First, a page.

Time Out New York's Scores

  • Movies
For 2,806 reviews, this publication has graded:
  • 33% higher than the average critic
  • 2% same as the average critic
  • 65% lower than the average critic
On average, this publication grades 6.3 points lower than other critics. (0-100 point scale)
Average Movie review score: 56
Highest review score: 100 My Perestroika
Lowest review score: 0 Vampires Suck
Score distribution:
2806 movie reviews
  1. Novelistic is a term that gets thrown around a lot these days, but Diaz’s film more than earns the adjective, and you’d have to go back to Edward Yang’s "Yi Yi" to find another movie that approaches a marathon-length running time yet still makes you wish it were twice as long.
  2. This is a life lived, perhaps not always well, but certainly to the fullest.
  3. The plentiful pop-doc touches ensure that this wake-up call won't put you to sleep, even if the ratio of spoonfuls of sugar to medicine occasionally seems skewed.
  4. The rollicking, space-opera spirit of George Lucas’s original trilogy (you can safely forget the second trio of cynical, tricked-up prequels) emanates from every frame of J.J. Abrams' euphoric sequel. It’s also got an infusion of modern-day humor that sometimes steers the movie this close to self-parody—but never sarcastically, nor at the expense of a terrific time.
  5. Bringing optimism, nerd-itude and a touch of crazy to his character's solo ordeal—at one point, scraggly Watney calls himself a “space pirate”—Damon is the key to the movie’s exuberance.
    • 80 Metascore
    • 100 Critic Score
    It's hardly the first movie to deal with thimble-size protagonists, but it's one of few animated fairy tales to genuinely transport the audience into their world and, in the process, let us see our own with fresh awe and respect.
  6. It is during Melancholia's second half, after a ruinous conclusion to the wedding, that the real magic happens, with our heroine hardened into a wry, cynical Cassandra - the voice of Von Trier himself.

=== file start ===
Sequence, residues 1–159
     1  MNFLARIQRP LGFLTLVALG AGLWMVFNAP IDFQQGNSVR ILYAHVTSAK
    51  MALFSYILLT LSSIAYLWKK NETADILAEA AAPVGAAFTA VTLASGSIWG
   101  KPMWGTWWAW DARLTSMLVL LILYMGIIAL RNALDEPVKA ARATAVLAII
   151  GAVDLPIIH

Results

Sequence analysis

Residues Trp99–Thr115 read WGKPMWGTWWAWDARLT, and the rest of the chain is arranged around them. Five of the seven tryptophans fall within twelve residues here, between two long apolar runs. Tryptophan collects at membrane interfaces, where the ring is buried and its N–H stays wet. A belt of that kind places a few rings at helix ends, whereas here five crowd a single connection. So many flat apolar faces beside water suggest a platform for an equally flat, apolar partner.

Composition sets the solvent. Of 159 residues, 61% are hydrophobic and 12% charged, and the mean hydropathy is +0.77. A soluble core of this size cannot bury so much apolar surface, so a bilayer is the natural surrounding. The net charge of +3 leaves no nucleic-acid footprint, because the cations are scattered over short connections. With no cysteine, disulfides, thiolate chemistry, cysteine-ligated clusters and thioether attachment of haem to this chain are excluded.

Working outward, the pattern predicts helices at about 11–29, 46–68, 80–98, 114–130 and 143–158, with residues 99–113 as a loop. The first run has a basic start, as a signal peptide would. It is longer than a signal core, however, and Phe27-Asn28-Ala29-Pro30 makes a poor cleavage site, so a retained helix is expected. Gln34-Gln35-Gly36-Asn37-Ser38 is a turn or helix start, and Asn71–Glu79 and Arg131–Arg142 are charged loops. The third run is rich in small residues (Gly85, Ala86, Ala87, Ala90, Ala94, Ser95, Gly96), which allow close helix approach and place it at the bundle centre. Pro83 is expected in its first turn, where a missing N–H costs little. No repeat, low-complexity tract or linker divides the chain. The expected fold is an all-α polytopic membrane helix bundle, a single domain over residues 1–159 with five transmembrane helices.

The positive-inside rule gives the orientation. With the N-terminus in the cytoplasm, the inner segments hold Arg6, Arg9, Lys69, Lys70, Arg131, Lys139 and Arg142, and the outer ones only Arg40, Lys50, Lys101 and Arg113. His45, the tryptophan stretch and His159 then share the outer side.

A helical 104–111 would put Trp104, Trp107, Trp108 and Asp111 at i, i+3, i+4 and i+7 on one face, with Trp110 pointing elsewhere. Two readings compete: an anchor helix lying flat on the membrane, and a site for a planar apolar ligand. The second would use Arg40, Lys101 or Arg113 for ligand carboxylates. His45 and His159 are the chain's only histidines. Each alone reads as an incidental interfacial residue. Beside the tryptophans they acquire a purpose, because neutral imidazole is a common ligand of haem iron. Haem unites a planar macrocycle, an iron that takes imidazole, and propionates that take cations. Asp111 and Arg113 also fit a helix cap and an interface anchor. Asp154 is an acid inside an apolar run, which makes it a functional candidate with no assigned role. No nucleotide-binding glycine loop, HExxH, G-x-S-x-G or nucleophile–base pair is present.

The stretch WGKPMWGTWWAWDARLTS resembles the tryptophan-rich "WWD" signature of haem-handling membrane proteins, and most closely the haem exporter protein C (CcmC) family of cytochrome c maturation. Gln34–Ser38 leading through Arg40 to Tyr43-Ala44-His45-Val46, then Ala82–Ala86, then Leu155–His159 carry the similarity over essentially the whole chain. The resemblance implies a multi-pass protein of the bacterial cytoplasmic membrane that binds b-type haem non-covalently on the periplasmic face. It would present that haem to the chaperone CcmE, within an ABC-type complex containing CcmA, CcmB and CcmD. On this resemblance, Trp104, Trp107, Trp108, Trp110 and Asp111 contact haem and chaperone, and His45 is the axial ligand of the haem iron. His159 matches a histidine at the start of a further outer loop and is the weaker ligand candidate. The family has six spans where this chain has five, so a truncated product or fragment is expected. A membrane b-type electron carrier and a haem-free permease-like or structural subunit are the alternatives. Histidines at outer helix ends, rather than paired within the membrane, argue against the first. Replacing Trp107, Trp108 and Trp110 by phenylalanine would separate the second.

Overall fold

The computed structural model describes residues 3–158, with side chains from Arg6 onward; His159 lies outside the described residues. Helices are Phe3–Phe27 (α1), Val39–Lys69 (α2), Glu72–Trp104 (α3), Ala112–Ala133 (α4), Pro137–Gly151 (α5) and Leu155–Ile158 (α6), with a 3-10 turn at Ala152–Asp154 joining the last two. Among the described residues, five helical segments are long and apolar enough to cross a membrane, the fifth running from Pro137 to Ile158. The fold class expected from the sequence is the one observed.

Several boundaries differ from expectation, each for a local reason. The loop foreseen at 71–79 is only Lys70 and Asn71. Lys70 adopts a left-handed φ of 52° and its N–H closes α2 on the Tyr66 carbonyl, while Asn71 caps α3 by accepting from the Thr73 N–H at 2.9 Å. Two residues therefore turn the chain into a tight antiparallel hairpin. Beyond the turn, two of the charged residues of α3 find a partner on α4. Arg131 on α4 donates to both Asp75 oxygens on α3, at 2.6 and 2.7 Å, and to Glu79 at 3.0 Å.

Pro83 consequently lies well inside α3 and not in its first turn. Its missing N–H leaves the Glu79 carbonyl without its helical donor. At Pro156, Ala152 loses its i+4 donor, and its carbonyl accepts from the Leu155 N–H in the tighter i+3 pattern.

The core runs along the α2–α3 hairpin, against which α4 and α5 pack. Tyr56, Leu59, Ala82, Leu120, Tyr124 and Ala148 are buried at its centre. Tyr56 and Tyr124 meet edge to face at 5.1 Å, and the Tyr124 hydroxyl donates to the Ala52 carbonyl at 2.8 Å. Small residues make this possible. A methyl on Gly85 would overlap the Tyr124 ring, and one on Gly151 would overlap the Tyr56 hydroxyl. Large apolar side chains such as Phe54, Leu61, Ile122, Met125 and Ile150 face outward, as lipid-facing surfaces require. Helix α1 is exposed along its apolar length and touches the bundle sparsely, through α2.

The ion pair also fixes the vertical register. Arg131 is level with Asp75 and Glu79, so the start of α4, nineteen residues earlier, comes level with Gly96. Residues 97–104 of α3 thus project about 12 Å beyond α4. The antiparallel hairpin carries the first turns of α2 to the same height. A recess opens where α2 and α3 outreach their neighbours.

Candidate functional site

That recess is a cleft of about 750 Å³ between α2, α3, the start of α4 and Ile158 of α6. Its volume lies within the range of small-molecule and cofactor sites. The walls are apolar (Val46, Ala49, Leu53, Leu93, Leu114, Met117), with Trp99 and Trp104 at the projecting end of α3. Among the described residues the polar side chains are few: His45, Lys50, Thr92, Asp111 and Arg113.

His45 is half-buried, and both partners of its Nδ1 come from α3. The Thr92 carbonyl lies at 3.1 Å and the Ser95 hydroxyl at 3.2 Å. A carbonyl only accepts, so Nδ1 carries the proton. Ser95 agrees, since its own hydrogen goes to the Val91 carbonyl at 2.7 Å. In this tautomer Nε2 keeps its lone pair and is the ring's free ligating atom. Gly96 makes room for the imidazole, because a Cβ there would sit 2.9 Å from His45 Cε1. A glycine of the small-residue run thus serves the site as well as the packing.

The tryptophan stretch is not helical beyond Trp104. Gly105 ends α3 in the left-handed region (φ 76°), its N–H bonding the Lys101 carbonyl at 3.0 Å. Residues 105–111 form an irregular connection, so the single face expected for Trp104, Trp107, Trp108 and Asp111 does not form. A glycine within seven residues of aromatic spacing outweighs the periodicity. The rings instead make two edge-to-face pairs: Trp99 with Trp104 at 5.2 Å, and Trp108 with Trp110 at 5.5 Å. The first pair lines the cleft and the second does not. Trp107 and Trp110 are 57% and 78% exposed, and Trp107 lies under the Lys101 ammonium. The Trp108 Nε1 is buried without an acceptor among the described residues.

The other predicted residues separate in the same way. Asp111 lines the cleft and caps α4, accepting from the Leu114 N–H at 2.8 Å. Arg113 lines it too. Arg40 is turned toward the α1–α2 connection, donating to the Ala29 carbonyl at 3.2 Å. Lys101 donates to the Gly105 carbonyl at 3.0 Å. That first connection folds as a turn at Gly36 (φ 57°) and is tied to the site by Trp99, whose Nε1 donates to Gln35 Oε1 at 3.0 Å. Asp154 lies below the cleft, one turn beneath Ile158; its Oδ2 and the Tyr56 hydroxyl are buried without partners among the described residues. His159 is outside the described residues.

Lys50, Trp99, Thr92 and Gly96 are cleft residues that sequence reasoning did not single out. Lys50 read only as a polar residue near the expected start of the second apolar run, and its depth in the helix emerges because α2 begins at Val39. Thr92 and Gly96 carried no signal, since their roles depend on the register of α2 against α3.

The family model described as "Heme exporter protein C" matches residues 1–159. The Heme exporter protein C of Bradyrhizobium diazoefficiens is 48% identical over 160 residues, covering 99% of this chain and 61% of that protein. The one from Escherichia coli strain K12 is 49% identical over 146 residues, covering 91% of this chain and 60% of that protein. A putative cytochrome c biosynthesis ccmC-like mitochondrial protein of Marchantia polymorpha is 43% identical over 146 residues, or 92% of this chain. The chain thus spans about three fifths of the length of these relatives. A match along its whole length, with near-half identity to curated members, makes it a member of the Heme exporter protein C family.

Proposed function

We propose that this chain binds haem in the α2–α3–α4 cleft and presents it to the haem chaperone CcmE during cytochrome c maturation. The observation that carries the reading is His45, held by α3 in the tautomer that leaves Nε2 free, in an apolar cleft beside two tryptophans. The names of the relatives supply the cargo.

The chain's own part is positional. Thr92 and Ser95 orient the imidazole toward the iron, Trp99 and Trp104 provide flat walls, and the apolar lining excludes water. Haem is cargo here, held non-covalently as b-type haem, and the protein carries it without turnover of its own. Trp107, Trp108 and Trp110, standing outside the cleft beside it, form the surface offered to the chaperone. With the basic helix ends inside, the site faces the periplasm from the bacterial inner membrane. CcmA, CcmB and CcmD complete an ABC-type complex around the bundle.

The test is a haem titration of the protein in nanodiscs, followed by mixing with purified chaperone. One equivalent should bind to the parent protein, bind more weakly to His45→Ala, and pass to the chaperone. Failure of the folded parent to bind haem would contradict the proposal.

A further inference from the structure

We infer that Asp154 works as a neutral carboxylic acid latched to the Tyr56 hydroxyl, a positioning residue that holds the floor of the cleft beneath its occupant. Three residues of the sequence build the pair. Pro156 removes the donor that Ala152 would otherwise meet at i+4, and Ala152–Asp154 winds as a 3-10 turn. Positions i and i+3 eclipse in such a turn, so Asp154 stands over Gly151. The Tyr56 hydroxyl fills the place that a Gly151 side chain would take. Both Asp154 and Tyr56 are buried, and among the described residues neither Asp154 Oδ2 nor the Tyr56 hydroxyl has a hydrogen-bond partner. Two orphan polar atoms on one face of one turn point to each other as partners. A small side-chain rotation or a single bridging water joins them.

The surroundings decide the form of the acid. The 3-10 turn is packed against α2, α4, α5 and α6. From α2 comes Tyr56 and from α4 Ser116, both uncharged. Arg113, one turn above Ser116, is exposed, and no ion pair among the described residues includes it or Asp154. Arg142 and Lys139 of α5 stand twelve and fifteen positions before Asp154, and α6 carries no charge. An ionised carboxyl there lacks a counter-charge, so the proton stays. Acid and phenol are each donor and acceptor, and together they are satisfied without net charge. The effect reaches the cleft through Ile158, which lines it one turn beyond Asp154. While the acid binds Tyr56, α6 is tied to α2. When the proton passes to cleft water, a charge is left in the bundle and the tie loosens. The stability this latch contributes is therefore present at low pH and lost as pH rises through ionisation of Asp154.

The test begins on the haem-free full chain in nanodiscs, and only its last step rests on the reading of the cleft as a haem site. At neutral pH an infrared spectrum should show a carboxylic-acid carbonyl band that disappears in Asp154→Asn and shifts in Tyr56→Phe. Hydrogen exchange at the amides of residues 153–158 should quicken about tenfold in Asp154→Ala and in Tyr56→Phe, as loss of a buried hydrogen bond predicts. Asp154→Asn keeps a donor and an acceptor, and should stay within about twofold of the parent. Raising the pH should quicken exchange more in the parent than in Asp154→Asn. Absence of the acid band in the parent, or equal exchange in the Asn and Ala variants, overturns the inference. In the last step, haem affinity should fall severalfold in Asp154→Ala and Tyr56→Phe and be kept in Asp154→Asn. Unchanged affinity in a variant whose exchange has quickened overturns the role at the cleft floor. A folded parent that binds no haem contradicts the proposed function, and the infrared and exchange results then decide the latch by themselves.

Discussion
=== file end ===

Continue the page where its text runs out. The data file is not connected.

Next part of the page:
7. Director Lauren Greenfield has a catty eye, but she's not after simple schadenfreude as the Siegels' time-share hotels are foreclosed, the kids have to fly coach [gasp], and poops go unscooped by a phalanx of laid-off servants.
  8. Even on its own limited, rigorous aesthetic grounds, there are far superior movies (including all of Tarr's own work). It's a sad way for the 56-year-old to go out, almost a caricature of his funereal mood and of art cinema in general.
  9. Olsson requires us to connect the dots to today's struggles (a missed opportunity), but his discoveries are more than sufficient.
  10. Wilson, a pop savant, was chasing some kind of dragon, and as the movie toggles years forward to the scared, overmedicated Wilson of the 1980s (John Cusack, absorbingly strange in the tougher part), you sense that the dragon bit back.
  11. To make a Western now is in itself a subversive act. Improving, embellishing and reclaiming an old-fashioned oater from the vintage studio-cheese bin with such humor and vigor seems truly, truly ballsy.
  12. About as deep as a kiddie pool, which isn't to say it's an unpleasant frolic.